In fairness to D’Souza, his attention-hogging strategy worked: he did end up trending on Twitter. It also got him a couple slaps on the wrist: he was uninvited from a speaking event and condemned by many of his fellow conservatives.
Knowing D’Souza, though, in a couple months he’ll be right back to airing his nonsense on whatever platform he can get his hands on and the cycle of outrage will continue.
Why are hot takes a problem?
The predominance of the hot take has been actively harmful to any semblance of thought or nuance in the media. The problem is not just on social media: news and opinion media outlets have also been capitalizing on the hot take.
Prominent examples include Camila Long’s take in the Sunday Times that “Moonlight” was too unrelatable to its supposed target audience of straight, white, middle-class people (what?), or Leandra Medine’s take for Man Eater that Beyonce’s pregnancy photos were unnecessarily flaunting and potentially hurtful to women who are not pregnant (which Medine has since apologized for).
The problem is that these are not just lazy opinion pieces — they’re lazy opinion pieces that are provocative and get clicks, and their popularity has changed the media landscape, making it much harder for nuanced perspectives to survive in the media.
Writing for Quartz, John West outlined the danger of hot-take-based media when he said, “Publishers can produce a hot take on the outrage du jour…Plus, if the take is hot enough, which is to say counterintuitive enough, shallow enough, moralizing enough, it can yield far greater dividends than your average listicle.”
Opinion-based media has come to understand that outrage gets clicks, so they seek out these provocative pieces.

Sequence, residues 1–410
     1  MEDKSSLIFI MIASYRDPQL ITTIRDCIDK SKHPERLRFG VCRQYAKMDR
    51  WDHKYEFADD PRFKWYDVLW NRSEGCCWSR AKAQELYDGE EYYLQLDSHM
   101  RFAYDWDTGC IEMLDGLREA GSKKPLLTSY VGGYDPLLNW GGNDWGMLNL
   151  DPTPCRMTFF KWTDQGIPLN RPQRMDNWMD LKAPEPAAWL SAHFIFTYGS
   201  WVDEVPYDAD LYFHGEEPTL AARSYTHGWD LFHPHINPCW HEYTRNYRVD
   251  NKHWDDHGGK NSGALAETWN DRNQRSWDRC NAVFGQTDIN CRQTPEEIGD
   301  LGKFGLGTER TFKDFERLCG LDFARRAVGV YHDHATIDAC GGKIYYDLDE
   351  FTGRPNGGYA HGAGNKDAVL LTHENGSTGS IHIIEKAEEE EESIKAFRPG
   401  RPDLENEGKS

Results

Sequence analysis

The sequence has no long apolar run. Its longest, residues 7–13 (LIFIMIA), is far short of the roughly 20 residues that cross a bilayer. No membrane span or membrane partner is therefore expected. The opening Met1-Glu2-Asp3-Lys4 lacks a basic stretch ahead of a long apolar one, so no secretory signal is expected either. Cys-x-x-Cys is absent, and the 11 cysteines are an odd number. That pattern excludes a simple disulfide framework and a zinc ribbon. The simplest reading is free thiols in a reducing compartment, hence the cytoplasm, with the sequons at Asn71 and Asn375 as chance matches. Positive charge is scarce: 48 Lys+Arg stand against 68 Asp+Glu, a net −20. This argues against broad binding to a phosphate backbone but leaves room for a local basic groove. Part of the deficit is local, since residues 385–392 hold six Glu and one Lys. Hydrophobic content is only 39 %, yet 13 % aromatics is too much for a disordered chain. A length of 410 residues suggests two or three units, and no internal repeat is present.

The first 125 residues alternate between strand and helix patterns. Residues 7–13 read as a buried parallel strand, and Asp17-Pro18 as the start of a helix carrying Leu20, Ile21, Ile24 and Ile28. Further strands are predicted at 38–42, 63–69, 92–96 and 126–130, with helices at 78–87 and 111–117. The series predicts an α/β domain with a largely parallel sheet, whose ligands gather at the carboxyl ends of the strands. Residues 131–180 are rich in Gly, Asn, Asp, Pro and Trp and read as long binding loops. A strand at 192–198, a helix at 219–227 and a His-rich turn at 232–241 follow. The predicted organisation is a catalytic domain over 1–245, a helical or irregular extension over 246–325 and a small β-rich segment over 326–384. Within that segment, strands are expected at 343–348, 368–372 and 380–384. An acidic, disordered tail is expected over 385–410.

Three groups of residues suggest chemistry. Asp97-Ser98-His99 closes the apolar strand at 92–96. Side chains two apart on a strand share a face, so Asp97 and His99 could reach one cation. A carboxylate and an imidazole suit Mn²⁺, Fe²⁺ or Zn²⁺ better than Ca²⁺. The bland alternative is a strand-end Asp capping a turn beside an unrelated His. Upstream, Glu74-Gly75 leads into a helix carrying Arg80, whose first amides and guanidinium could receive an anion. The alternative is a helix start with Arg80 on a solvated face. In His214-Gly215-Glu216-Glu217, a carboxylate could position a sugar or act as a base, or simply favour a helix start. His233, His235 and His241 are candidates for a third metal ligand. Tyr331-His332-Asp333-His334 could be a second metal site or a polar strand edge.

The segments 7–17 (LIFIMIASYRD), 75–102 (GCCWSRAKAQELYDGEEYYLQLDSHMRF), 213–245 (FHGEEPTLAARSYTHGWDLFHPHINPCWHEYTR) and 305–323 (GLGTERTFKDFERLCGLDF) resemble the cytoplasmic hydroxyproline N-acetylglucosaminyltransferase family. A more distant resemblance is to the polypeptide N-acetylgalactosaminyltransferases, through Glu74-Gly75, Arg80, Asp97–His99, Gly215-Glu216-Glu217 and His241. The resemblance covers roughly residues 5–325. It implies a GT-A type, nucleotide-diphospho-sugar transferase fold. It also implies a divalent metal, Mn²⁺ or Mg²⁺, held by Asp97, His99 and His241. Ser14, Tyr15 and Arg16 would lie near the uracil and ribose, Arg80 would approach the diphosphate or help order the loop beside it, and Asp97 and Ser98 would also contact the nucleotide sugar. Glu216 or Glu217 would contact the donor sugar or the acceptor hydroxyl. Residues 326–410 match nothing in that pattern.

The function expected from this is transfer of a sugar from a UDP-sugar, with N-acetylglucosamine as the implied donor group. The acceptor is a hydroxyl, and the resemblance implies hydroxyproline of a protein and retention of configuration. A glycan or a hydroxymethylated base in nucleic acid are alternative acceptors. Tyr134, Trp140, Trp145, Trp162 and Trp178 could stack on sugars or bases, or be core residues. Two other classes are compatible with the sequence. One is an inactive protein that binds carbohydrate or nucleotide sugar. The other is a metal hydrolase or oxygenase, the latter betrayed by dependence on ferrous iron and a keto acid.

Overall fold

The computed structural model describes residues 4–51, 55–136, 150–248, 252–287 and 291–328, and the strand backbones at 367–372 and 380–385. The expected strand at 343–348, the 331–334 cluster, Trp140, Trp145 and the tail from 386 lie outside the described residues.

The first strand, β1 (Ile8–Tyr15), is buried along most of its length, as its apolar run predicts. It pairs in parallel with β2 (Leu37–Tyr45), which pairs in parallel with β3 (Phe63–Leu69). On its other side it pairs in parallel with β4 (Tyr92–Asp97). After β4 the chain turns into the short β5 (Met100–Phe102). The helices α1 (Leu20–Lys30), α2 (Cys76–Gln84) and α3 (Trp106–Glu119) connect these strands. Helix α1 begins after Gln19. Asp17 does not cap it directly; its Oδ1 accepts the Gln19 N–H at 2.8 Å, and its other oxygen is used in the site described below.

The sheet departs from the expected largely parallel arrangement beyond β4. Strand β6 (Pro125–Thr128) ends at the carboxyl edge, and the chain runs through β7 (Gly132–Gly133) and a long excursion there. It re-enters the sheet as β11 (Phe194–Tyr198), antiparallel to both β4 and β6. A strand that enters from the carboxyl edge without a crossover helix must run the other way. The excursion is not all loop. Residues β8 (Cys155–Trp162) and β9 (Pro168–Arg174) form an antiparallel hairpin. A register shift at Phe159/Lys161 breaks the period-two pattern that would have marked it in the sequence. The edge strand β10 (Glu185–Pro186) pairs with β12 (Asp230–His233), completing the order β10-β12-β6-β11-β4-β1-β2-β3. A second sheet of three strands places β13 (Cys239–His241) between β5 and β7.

West adds, “Pretty soon, publishers are churning outtakes on others’ takes. Does Fusion have a take on Salon’s thinkpiece about the Slatepitch from The New Republic? Probably. Online, there can never be one take to rule them all.”
It never ends with the original hot take: everyone has to offer their opinion on it so that they too can capitalize on all the attention that is suddenly being directed towards it.
This back and forth then takes over everyone’s news feeds and everyone is forced to engage with whatever bad opinion started the whole mess, including all the subsequent opinions that sprouted from it.
Everything circles back to the problem of attention. Media outlets assume the audience is shallow and only willing to click on the most provocative take, so important issues get put on the backburner and everyone is invited to participate in the outrage and the public shaming of attention-seeking creators posting what ultimately only amounts to glorified clickbait.
Instead of reminding us about news of vital import, like what’s happening in Flint or the Rohingya crisis, everyone’s news feeds are cluttered with the latest nonsense spouted by Dinesh D’Souza and his ilk. Therein lies the greatest problem with hot takes: When everyone’s talking just for the sake of getting a rise out of people, there is no real conversation.